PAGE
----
This will be the only post this week (I hope you have a Happy Thanksgiving!) so I'm making it a doozy. I mentioned in this post about creating the Entryway that I wanted to build a coat rack. I first pinned my inspiration picture three months ago! Since then I've been letting the idea stew and been meaning to do it and meaning to do it. I started buying supplies about a month ago. Then I realized that it'd be really nice to have the coat rack up when my family came over for Corey's birthday dinner. Suddenly I had a deadline and things started ramping up. I work best with deadlines and I quickly had all the supplies at the ready.
Six days before my family was coming over Corey & I started work (on a Sunday). I was planning on making this really simple, but the wonder of my husband is his ability to take my ideas to the next level. So now instead of having the shelf edges line up on the top and wall pieces (like my inspiration picture), the wall piece was going to be inset & smaller and I was going to route the edges of both pieces on the router table.
Supplies You'll Need:
- one 1" x 8" x 8' board (or 6' board)
- two pre-made wooden shelf supports
- 6 screws
- 6 hooks
- stain or paint
- bolts to mount it to the wall (toggle bolts if you have plaster walls, standard bolts if you have drywall)
First off we did a mock up with an extra board before any cuts were made:
I played around with hook arrangement and decided I liked the straight across version best:
The hooks look like little octopi to me:
Then the real first step was cutting the 8' long board into a 3' long board and a 32" long board once we measured it out. Man I love using this saw:
Oooo it's going to look so good!
Now it was time to use the router table. Turns out this is SHOCKINGLY EASY for how much it elevates a simple piece of wood. Seriously, having the shelf edges routed makes the coat rack such a classy impressive piece. And it added maybe 10 minutes to the project time. Granted, if you don't have a router table and can't borrow one than it's not worth it for you.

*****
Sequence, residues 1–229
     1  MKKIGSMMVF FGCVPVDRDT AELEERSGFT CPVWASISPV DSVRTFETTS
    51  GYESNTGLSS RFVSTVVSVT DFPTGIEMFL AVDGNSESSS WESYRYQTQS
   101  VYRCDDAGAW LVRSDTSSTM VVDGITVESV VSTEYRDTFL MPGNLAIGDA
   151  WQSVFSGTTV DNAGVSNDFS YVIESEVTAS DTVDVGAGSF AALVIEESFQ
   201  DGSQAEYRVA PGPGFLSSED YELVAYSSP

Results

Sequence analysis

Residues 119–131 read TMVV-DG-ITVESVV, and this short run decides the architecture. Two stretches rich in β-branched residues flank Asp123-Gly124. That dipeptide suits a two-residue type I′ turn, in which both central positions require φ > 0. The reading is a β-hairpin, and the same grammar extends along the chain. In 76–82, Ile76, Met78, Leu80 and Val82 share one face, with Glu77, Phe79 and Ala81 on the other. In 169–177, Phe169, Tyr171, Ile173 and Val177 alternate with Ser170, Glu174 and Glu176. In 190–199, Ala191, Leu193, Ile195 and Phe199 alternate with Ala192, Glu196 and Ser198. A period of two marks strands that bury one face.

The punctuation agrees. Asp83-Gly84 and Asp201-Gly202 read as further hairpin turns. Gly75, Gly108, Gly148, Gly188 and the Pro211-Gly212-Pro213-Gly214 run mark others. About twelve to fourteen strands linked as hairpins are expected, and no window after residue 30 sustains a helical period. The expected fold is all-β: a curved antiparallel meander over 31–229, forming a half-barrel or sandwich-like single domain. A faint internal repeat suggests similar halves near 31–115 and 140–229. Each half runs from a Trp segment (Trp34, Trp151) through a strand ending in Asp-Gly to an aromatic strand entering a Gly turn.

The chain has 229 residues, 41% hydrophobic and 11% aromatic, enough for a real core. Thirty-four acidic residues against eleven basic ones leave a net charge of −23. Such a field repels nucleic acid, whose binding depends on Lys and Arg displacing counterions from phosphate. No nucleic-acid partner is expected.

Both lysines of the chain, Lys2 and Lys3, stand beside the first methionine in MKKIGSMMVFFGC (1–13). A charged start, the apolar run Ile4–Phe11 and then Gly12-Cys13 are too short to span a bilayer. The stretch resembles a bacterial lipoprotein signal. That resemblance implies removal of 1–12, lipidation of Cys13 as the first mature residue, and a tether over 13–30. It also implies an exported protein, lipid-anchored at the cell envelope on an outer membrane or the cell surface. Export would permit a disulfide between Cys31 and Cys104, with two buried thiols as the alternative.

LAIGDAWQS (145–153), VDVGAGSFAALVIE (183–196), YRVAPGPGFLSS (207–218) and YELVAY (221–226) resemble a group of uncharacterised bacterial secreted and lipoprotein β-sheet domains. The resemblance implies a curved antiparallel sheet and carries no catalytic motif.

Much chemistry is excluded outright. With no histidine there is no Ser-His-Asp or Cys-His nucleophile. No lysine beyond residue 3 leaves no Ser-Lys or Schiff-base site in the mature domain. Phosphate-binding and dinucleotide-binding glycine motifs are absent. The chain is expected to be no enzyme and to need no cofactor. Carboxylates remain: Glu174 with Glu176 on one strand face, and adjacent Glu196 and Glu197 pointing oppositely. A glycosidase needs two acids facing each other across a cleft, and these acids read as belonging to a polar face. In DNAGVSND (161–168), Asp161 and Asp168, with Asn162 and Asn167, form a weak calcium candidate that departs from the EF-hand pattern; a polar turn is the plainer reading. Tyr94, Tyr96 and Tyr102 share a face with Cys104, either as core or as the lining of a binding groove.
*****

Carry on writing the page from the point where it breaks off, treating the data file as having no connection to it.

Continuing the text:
We picked a fancy bit for the top piece, Corey put it on the router and I practiced on a scrap. I realized the smoothest look comes from feeding the piece of wood through the router at an even pace. Then I fed the real 3' piece through on three sides being sure to hold the piece steady against the little wall. EASY PEASY.
Here is a picture of the test piece, but the machine is off and the wood is not in the right place. The wood is fed past the little bit and you hold it against that little back wall piece. I should have had Corey take a picture of me using the router table. Oops.
We couldn't use the same bit on the wall piece because of how close the bottom of the shelf support was to the bottom of the wall piece. But we didn't want it to look really plain in comparison to the top piece, so we just picked a simple router bit that wouldn't take much wood off. Then I fed the 32" piece through on three sides (after a practice round with the new bit). So easy!
|See how close the shelf support is to the bottom of the wall piece?